Studio Improvements: Part 1 – Thunderbolt Is Finally Here
Hello and welcome to my blog which will follow me through the latest revisions to my studio set-up. I’ll be testing different hardware, software and generally looking at the best configuration of gear to suit my own creative and workflow needs, while ensuring that it needs my requirements for a reliable and solid system for […]
Hello and welcome to my blog which will follow me through the latest revisions to my studio set-up. I’ll be testing different hardware, software and generally looking at the best configuration of gear to suit my own creative and workflow needs, while ensuring that it needs my requirements for a reliable and solid system for performance.
“I’ve needed to re-learn a discipline I had when working in the early 2000’s”
I’ve had various set-ups over the years since I started electronic music production in 1996. The only piece of gear that’s stayed with me since then is my trusty Yamaha CS1X. Admittedly, this is used as a retro looking MIDI controller rather than a sources for my production sounds.
Otherwise everything else has been changed and it’s time again to cut out the fodder and streamline my kit-list to the bare essentials.
Within the last year, I’ve moved from a tower based, quad core PC machine to a Thunderbolt equipped MacBook Pro. So far, this change has forced me to step back in terms of workflow, making me aware of how I chose to use my computer’s resources. For instance, I can no longer run chains of live plug-ins to create my sounds. Instead, I’ve needed to re-learn the discipline I had when working in the early 2000’s with slower computers.
So I’m now printing more live processing to audio when they sound right. This then frees up processing power for the next piece of processing I need to do. One thing I’ve really missed since my PC days is the ability to run a UAD-2 card as I am a keen user of the colourful sounding range of plug-ins UA offer. Now that Thunderbolt has finally started seeing some support recently in the form of PCI-E chassis’, I thought now was the time to get set-up again with UAD. First I needed to decide on the right gear.
There are a few PCI-E boxes out there that can house one or more PCI-E cards for Thunderbolt connectivity. As I need only one card connecting, I’ve been looking at the cheapest units with just one slot. I decided to trial the Magma ExpressBox 1T (£495) and Sonnet’s Echo Express SE (£330). There’s quite a difference in price, so I’ll use this blog to report on how they differ from each other over a long soak test.
The Magma ExpressBox 1T is at the bottom of this stack with the Sonnet Echo Express SE above it. Both are similar in size and so far seem to perform perfectly well. More to come as my blog continues…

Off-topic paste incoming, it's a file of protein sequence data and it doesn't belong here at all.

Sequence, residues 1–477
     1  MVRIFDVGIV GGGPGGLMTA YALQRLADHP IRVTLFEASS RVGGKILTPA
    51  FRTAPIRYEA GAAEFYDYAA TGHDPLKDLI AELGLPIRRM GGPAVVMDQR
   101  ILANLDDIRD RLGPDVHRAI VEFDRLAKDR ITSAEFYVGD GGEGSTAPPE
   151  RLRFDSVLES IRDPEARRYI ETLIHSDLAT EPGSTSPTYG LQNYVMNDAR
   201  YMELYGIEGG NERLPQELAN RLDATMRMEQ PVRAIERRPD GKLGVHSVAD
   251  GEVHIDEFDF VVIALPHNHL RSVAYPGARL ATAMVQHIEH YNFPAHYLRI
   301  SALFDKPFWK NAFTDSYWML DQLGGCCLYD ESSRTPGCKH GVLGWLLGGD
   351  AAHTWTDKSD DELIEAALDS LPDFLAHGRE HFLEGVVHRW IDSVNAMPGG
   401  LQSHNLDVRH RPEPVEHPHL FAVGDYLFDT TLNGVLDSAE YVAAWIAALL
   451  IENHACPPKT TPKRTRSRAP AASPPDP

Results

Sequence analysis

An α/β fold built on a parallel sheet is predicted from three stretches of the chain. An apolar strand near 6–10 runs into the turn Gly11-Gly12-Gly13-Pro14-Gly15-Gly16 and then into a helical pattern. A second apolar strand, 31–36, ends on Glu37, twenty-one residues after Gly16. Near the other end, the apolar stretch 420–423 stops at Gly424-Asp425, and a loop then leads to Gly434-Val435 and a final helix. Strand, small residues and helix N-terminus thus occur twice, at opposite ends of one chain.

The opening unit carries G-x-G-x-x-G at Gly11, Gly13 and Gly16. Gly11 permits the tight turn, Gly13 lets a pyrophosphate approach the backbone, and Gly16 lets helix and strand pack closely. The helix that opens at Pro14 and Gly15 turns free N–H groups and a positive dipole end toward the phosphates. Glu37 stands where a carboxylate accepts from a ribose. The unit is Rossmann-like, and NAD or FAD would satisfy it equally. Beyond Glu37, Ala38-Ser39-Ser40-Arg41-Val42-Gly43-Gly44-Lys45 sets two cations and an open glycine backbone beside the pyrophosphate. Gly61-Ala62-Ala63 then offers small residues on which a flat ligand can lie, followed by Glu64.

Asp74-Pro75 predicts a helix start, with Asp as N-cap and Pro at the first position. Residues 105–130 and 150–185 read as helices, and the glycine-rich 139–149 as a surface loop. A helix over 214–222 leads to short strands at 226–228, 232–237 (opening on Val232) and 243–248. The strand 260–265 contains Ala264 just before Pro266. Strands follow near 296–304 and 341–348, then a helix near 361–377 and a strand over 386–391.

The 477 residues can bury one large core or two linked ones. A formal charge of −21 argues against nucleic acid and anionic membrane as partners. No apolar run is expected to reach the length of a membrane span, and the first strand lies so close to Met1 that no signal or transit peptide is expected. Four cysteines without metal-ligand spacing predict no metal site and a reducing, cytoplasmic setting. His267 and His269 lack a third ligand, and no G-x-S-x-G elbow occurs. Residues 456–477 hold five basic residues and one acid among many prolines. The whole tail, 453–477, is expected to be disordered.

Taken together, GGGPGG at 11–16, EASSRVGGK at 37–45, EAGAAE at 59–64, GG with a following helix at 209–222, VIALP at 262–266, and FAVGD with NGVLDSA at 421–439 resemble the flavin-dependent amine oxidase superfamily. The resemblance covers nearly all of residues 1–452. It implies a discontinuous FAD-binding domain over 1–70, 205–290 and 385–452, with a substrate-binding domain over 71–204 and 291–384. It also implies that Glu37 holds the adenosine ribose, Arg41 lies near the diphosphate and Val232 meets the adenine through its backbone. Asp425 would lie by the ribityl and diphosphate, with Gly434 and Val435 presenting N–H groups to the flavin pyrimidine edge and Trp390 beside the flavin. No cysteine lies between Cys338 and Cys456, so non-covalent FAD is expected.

After setting up both units, they simply plugged in and performed as expected – to a point. The problem I had, was noise. Both units are quite small meaning they’re, in turn, vented by small, noisy fans. The Sonnet is quieter than the Magma at factory settings, but both dramatically increase the studio noise floor, which in turn causes monitoring issues. Fan modding is an option, but would invalidate the warranty. The Magma has variable fan speed, but you’d need to be careful not to fry your PCI-E card by reducing it too much.
Instead of these options, I decided to move the units out of the studio completely for the lowest noise floor possible. The hallway outside the door is just under five metres away and this is where the next problem arose, as Thunderbolt cables come only in 0.5 and two-metre lengths and cost £25 and £35 (Apple Store) respectively (these chassis don’t come with Thunderbolt cables BTW). Thunderbolt cables currently use copper to transmit their high-bandwidth signal, so the length limit avoids loss in signal integrity. I therefore had two options: wait until later in the year for the optical cables I’ve been reading about, or move the Thunderbolt boxes and my MacBook out of the room as well…
Connectivity is almost at its most extreme, so I will look at alternative options for my audio interface next. The CS1X connects via MIDI to my Scarlett USB interface. My trackball runs through the keyboard which uses USB. I also connect a hub up to the keyboard for USB copy protection devices.
In the meantime, I’ve got the system wired up with extender cables for my LCD screen over DVI, two USB extenders and all connections have been tested as working fine – so far so good! I’ll try a few mixes on it over the next few weeks to see how it fares. I haven’t wired up my USB hardrives yet, or my other USB MIDI controllers, so I think the next step will be sourcing a reliable USB hub and possibly switching from USB to FireWire for my audio interface. This will hopefully free up the USB bandwidth and connectivity for my more various USB controllers and hardrives. Back soon with an update…
I’ve used two separate USB extender cables so my audio interface gets a dedicated connection to my MacBook Pro. This leaves the other USB port for less performance essential items to run through.
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